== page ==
Some bands pick up on the most pleasurable parts of their influences and simply run with them. Milwaukee’s Signaldrift has existed since 1998, but was the solo project of Franz Buchholtz until 2005, when he was joined by John Goelzer. Their new album, Two Agents, has an unfashionably optimistic sound for a contemporary electronic record. Combining Chicago post-rock, the propulsive side of krautrock, and warm synths across two stylistically diverse LPs, Signaldrift have made a record that’s difficult to really love, but almost impossible to dislike. When all is for the best in the best of all possible electronic worlds, sometimes the music’s intrigue suffers; the album is a pleasure, even if listening to it occasionally feels optional.
Musical references change from track to track, but the results can end up more functional than immersive, along the lines of Prins Thomas’ Full Pupp label. One of the highlights from a strong first half, "Planetarium" opens with the expected spacey bleeps but gradually builds into a laidback baggy groove decorated with fizzy ambient techno pads. The next track, "Tense Situations," is a good example of Two Agents‘ cosmic disco side, where strutting kraut drums, looming e-bow guitar riffs, and strangely pitched pings add up to a pastoral kind of almost-dance music. Post-rock resonates throughout the album in its preference for mood over drama, and in the way Buchholtz and Goelzer’s workmanlike musical competence avoids virtuosity.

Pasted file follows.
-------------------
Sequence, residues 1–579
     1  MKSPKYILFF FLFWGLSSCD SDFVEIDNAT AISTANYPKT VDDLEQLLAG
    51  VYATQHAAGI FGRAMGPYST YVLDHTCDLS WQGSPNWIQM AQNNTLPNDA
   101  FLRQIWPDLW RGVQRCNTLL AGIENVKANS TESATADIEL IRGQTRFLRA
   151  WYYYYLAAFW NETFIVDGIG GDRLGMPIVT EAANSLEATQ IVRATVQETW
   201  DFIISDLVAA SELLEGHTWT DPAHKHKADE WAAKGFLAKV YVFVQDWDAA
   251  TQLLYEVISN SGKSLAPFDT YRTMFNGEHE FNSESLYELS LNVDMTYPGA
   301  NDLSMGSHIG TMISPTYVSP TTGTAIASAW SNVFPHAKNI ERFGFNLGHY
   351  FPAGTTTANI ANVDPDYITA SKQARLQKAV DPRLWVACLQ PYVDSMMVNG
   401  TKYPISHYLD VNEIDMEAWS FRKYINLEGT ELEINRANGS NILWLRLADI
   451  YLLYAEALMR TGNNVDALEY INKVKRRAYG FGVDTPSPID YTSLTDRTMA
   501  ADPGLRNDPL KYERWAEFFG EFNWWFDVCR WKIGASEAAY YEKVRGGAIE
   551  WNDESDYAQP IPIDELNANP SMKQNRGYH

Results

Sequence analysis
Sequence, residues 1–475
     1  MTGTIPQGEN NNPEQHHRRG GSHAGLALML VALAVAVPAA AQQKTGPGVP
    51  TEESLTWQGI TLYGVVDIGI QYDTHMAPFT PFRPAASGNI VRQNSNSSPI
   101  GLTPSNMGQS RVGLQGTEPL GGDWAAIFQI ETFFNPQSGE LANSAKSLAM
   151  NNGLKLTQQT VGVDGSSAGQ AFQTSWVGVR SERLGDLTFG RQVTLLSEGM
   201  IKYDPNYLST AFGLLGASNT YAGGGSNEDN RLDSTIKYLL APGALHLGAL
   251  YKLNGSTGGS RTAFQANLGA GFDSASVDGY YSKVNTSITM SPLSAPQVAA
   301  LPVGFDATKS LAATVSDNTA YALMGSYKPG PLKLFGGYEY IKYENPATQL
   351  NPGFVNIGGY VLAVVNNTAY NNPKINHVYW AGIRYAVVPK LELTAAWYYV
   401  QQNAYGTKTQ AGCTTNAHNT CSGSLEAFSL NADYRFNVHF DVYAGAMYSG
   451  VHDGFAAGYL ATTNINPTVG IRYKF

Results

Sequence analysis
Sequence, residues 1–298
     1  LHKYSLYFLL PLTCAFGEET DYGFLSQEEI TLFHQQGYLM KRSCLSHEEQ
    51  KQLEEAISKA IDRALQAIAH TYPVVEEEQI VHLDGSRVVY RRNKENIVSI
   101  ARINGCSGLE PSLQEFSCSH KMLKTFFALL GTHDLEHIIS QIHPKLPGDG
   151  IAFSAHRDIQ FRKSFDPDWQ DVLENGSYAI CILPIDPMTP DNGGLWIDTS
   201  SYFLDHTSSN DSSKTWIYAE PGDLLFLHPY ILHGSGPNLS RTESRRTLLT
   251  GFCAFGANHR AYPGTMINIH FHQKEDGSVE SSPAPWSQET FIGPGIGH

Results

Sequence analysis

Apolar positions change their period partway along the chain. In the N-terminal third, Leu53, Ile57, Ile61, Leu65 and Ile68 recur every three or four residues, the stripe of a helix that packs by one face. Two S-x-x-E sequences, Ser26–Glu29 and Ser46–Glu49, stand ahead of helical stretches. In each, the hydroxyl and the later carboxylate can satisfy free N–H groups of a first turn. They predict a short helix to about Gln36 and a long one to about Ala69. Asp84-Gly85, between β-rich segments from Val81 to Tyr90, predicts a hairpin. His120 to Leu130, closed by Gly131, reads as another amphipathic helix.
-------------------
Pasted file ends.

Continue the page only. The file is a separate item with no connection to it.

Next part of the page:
The album breaks new ground with its longest track, "Go On Without Me." So-called hypnagogic pop revolves around the idea that the music evokes a state between wakefulness and sleep; "Go On Without Me," on the other hand, evokes the dead zone between nostalgia and irony. The song feels like a collage whose theme is troublesome to describe but easy to perceive and feel. It’s like something belonging more to visual culture than music. There are indeed many image-compiling Tumblrs, like Camille Paloque-Berges’, that use ephemera to establish a knowingly obsolete aesthetic that is nonetheless moving because it is about time and how it passes. It calls up Raymond Williams’ term, "structures of feeling," which refers to the lived experience of culture at a given time and place. Many of us would get a better sense of what it felt like to be alive in 1993 from an infomercial than from a newspaper, and "Go On Without Me" hits some of these nerve centers. The song could be the soundtrack to a video introducing the CD-ROM, help sell crystals on a TV shopping network, or be the hold music for Cyan Worlds.
Compared to the music itself, however, such examples sound exaggerated — the kinds of experience "Go On Without Me" touches on are some of our least tangible, and Signaldrift isn’t interested in the goofy or cynical aspect of "Remember when?" The rest of the music on Two Agents might not always inspire the listener to dive in or inspire grappling with memory, but its clear sense of purpose and well-articulated taste make the whole album satisfying to listen to. Although the tissue between hobbyist and career musicians is now so thin it’s nearly invisible, Signaldrift is a product of loving records. Happy, pumped, thoughtful — these two make nice music.